Let us make things better: the “Indian medical doctors on the web” survey

I am doing a survey.

Do you know how many Indian medical doctors who use the Internet blog? well, no one does. Neither do we know how many of us are students, how many are on twitter and how many talk about work online. We most definitely do not know if any of us follow professional guides to using social media written specifically for doctors. I want to find out, and I think irrespective of your profession, you would want to know more about your friendly neighbourhood doctor on the net. Without being creepy, of course.

This is a survey of Indian Medical folk on the web. By Indian I mean practising in India, and by Medical folk I mean allopathic doctors(medical students too). The reason for this “Discrimination” is convenience and because I can.

If you are a medical doctor, please take the survey, if you know one, mail her a link. Thank you very much.

If you are not a doctor, don’t take it, there are trick medical questions and I will know.

Here you go. Click here for the great Indian medical doctors on the web survey.

Feel free to re post this link on your site, or embed it. For convenience and tracking you can use this URL to email people: http://bit.ly/indsurvey

The survey will run for 14 days starting Monday September 12th. Email me with suggestions and feedback at Uberschizo at gmail

Indian Doctors and Medical Students on the Web Survey by Dr. Anand Philip

Indian medical Doctors and Medical Students on the Web Survey by Dr. Anand Philip

PS: There are no trick medical questions.

Top Criminals in Indian Hospitals

Criminals in hospitals Image by murplejane

Ten years inside hospitals gives you a great instinct to pick out criminals. Oh yes, there are a lot of them in the hospitals. Here are the greatest offenders and how to deal with them.

The Poor:

They can’t afford the services, yet they come. They never do what we ask them to, want multivitamins and “saline” and never come when we ask them to. They are dirty, and don’t pay even if they can afford it. Definitely deserve the long waiting times and getting sidelined for “paying” patients.

The old:

Slow, stubborn and forgetful, they can never come to the point. If they have bellyache, they start with the time they stubbed their toe back in 67 and the time they met a white doctor who gave them a red liquid for the belly ache. Definitely deserve the patronizing behaviour that we have perfected; don’t pay attention, just nod, agree and give them something for symptomatic relief. Talk loudly, most of them are deaf.

The very rich:

Scum of the earth, just the worst people in India. They walk around like they own the hospital and treat us like we are beggars. Clearly they deserve to be robbed. Such sense of entitlement, such low respect for the profession. Keep changing doctors, want results yesterday, stingy. Definitely deserve the over charging and the excessive tests, they ask for it.

Women:

90% of their problems are psycho somatic and they create such a fuss about the rest 10%. If you are a guy, they wont let you touch them, if you don’t, and get the diagnosis wrong, they curse you. In the labor room they wont push when they need to and scream like a banshee, as if it’s an elephant coming out. Never open their mouths if their husbands hit them, so we can’t do anything. Definitely deserve being given antidepressants for the vague symptoms and the slaps on the labor table.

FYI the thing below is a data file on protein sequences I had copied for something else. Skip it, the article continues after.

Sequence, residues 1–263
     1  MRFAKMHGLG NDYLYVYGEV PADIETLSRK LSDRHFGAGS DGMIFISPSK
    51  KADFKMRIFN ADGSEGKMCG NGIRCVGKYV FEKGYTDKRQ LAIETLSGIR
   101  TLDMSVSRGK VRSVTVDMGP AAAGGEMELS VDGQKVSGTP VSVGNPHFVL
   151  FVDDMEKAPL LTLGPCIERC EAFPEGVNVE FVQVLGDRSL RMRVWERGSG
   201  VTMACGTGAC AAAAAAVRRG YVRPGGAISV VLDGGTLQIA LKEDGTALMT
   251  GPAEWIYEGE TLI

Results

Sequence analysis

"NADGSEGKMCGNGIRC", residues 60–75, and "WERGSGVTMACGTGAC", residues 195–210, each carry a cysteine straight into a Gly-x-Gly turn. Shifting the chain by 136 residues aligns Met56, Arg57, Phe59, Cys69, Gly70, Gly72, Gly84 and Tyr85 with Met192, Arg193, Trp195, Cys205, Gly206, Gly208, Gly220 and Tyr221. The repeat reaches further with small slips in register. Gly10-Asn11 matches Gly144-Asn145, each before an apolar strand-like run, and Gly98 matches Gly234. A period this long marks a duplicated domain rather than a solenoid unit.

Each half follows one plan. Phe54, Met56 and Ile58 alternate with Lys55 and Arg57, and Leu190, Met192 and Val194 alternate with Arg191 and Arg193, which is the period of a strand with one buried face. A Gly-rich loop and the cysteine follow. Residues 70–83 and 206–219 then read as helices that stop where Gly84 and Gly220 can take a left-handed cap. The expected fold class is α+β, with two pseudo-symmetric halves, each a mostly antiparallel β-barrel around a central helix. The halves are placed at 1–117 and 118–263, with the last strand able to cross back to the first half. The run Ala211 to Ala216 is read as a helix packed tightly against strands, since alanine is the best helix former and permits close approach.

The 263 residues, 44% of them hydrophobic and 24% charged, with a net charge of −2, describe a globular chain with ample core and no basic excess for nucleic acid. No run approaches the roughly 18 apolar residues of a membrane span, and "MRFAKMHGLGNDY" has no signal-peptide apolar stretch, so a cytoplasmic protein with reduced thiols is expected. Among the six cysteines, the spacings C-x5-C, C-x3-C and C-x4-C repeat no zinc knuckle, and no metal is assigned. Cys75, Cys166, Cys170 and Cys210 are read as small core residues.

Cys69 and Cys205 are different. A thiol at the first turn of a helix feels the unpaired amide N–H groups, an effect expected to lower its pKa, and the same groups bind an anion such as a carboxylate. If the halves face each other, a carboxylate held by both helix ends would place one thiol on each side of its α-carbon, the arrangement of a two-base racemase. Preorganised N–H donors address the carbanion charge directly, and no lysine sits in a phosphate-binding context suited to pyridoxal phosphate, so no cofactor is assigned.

Villager:

You can smell them from a mile away. Sure they work in the fields and have animals, but can’t they buy soap? or at least some chap perfume? many of them are rich but pretend to be poor, they don’t change their clothes and treat the women so bad. if you are a girl then you’ve had it, your old man wont spend a penny on you. Depending on the case, definitely educate them about taking bath and sending their girls to school.

Prostitutes and homosexuals:

Why can’t they just say it? how many times will I have to “guess” their tendencies and do the right test?  I mean I am a professional, trained to deal with them in a professional way, then why can’t they just open up? They hem and haw and beat around the bush and never tell you what’s really going on. As if they can fool anyone. Anyway, poor women, forced to live like this, sometimes I feel sad, but I have to do my job and I can’t care for emotions. For them always do STD panel, even if they complain of head ache, they actually mean something else, so no point in asking if you should do it, they will just say no.

Criminals in hospital Woody allen being chased by a gorilla

Image by JohnMcNab

 

Surely, I am joking. Right? How can an educated, cultured professional hold such beliefs. These show the beliefs of a micro minority, right? No lessons to be learned here, just how some people can’t be cured by education. Correct?

Kind words

Help from unexcpected places Kind words from a stranger often touch and comfort you more than those from a friend. If you are on twitter or similar online forum, you’ve probably told your followers about your sorrows and joys. And if you are like me, you’ve been surprised at how deeply total strangers seem  happy for you when something great happens and mourn with you when something goes wrong.

I have wondered why this is so. What makes a stranger empathise with you more than your best friend?

Maybe it is because what you want and often get, from strangers, is momentary and strong emotions, when your best friend is trying to give you what you need, which might be a kick on your backside.

Maybe it is because you hold  people close to you to a higher standard, and don’t expect much from strangers.